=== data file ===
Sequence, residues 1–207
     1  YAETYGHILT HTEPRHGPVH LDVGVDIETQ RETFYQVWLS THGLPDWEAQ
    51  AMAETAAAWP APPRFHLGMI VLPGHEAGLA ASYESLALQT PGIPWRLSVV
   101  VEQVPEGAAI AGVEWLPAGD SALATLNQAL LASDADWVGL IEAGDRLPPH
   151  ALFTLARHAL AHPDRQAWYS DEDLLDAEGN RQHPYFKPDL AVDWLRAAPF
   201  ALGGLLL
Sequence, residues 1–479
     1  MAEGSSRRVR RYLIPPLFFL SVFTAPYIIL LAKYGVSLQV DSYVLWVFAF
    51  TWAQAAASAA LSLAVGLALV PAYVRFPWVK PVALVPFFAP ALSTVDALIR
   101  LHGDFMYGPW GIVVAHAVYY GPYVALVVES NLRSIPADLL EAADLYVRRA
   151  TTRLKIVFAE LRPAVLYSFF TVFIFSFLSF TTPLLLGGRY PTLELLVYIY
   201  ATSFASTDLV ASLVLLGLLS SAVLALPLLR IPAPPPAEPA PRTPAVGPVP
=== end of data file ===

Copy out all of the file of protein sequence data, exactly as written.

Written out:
Sequence, residues 1–207
     1  YAETYGHILT HTEPRHGPVH LDVGVDIETQ RETFYQVWLS THGLPDWEAQ
    51  AMAETAAAWP APPRFHLGMI VLPGHEAGLA ASYESLALQT PGIPWRLSVV
   101  VEQVPEGAAI AGVEWLPAGD SALATLNQAL LASDADWVGL IEAGDRLPPH
   151  ALFTLARHAL AHPDRQAWYS DEDLLDAEGN RQHPYFKPDL AVDWLRAAPF
   201  ALGGLLL
Sequence, residues 1–479
     1  MAEGSSRRVR RYLIPPLFFL SVFTAPYIIL LAKYGVSLQV DSYVLWVFAF
    51  TWAQAAASAA LSLAVGLALV PAYVRFPWVK PVALVPFFAP ALSTVDALIR
   101  LHGDFMYGPW GIVVAHAVYY GPYVALVVES NLRSIPADLL EAADLYVRRA
   151  TTRLKIVFAE LRPAVLYSFF TVFIFSFLSF TTPLLLGGRY PTLELLVYIY
   201  ATSFASTDLV ASLVLLGLLS SAVLALPLLR IPAPPPAEPA PRTPAVGPVP